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The Reality of STEM in the Classroom

The Reality of STEM in the Classroom

Victoria Lovejoy | Teaching

STEM is an acronym for science, technology, engineering, and math. Educators, legislators, and business leaders have long been concerned with the state of science and mathematics in our schools. In a comparison of international scores for 4th and 8th graders, results show that the American students are still lagging behind our major global competitors including Japan, China, Russia, and Singapore (TIMMS 2007). As these countries outcompete us in academic assessments, they are also outcompeting us in capturing the global markets particularly in the area of information management.

The purpose of STEM initiatives at the national, state, and local levels is to bring together the resources of government in support of improving our educational system, the private sector in making alliances to support authentic learning applicable to what is needed in the workforce, and educational institutions in collaborating on the best pedagogy and curricula to develop students who are prepared to meet the challenges of their futures. This initiative is applicable not only to the disciplines of science and math, but to all other disciplines as teachers continue to develop a 21st century approach through cross-curricular integration. In real world work and interactions, we don’t have clear cut divisions between disciplines. Learning through STEM gives students tools to develop creative and systemic problem solving, collaborative networks, leadership abilities, and long-term strategic outlooks.

This all sounds terrific and on-point, but what is the reality we each experience back in our classroom? At a recent department chair meeting, our assistant head passed on a parent request that we teach more specifically to the SATs so that our students can earn the numbers they need to get into some of the colleges they want. Among the department chairs, we all agreed that our focus in the classroom certainly included foundational skills but our goal was to prepare our students to be the independent thinkers and problem solvers described in current literature and certainly included in the STEM initiatives. By the times students reached our high school classes we all felt that the we did not have extra time to teach to a standardized exam. But we are in many ways also a service industry so that if colleges need a “number” through which to filter applicants and parents expect us to get their children into colleges and those same colleges require a certain score on a standardized test, where do we spend our energies?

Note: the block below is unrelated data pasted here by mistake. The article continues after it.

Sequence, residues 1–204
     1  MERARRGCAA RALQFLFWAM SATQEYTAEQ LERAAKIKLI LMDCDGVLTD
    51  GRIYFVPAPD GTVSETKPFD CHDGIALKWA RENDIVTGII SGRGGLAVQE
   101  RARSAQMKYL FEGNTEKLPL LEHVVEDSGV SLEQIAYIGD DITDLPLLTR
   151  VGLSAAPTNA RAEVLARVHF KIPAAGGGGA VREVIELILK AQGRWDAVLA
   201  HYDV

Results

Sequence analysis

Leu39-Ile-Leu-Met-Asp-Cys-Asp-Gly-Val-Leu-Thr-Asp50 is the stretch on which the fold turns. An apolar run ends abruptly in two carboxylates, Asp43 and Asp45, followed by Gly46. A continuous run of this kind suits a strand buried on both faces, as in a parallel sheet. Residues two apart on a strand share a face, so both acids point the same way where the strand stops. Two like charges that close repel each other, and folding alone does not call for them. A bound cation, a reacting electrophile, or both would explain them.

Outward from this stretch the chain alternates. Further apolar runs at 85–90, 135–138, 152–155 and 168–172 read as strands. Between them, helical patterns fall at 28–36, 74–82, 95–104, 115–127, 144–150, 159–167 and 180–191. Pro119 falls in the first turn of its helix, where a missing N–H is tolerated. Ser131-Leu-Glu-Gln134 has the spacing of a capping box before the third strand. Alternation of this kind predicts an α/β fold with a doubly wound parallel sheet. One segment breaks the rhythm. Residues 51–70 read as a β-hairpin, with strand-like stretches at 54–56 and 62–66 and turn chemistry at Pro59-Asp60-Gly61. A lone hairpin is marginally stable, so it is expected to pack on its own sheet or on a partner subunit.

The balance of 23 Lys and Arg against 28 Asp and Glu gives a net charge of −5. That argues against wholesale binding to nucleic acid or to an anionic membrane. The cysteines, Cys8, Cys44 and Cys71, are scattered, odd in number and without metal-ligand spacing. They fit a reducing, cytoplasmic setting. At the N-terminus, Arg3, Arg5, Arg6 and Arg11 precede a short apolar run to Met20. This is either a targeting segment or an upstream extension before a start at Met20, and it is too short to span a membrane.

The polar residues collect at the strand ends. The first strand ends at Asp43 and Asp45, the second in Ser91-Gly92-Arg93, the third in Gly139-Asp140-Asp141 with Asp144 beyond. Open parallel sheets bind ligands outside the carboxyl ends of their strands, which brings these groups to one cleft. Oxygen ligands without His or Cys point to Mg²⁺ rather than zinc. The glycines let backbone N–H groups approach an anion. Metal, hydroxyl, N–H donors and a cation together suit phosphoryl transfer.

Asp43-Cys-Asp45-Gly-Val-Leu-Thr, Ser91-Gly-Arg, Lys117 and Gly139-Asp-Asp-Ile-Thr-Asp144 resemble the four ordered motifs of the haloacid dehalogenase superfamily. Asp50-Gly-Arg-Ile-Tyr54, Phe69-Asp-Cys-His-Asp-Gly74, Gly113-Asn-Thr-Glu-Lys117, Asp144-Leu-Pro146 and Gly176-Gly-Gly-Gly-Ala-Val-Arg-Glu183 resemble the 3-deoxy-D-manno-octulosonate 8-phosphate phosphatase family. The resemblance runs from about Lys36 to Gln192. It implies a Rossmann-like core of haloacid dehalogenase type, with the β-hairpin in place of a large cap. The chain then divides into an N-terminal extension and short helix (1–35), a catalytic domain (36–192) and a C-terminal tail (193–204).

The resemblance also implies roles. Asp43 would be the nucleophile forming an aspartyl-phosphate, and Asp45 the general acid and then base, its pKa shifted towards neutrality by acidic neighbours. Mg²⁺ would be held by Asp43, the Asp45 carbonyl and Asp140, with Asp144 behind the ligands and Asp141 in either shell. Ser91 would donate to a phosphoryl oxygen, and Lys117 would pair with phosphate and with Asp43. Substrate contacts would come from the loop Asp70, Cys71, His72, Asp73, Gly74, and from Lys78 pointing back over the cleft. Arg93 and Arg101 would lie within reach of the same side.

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Clearly, this opens up all the old discussions and heated arguments we have about standardized testing and student evaluation. However, the reality when we are in our classrooms is that we are often torn between teaching lifelong skills for the future and teaching the “tricks” a student needs to score well on a test that may determine their future. Certainly there is overlap. We can teach critical reading skills and information filtering while we work on reading comprehension. We can develop foundational math skills in the context of higher order problem solving. We can decode the cues and clues embedded in tests and which can help us select the right answer as well as learn subtleties of communication. But can we really serve two masters – standardized test mastery and 21st century lifelong skills?

The reality in our classrooms as we make our way through another academic year does not always match the vision that many of us continue to carry in our minds for education. The answer, for now, is what it has always been – dedicated teachers doing their best to support the development of those skills that will best support lifelong learning and success and throwing in a few test-taking strategies to help our students jump through the hoops. It is not a perfect system but if we can keep the talk going maybe we’ll get everyone on the walk!

Trends in International Mathematics and Science Study, 2007. http://nces.ed.gov/timss/table07_1.asp retrieved May 24, 2009

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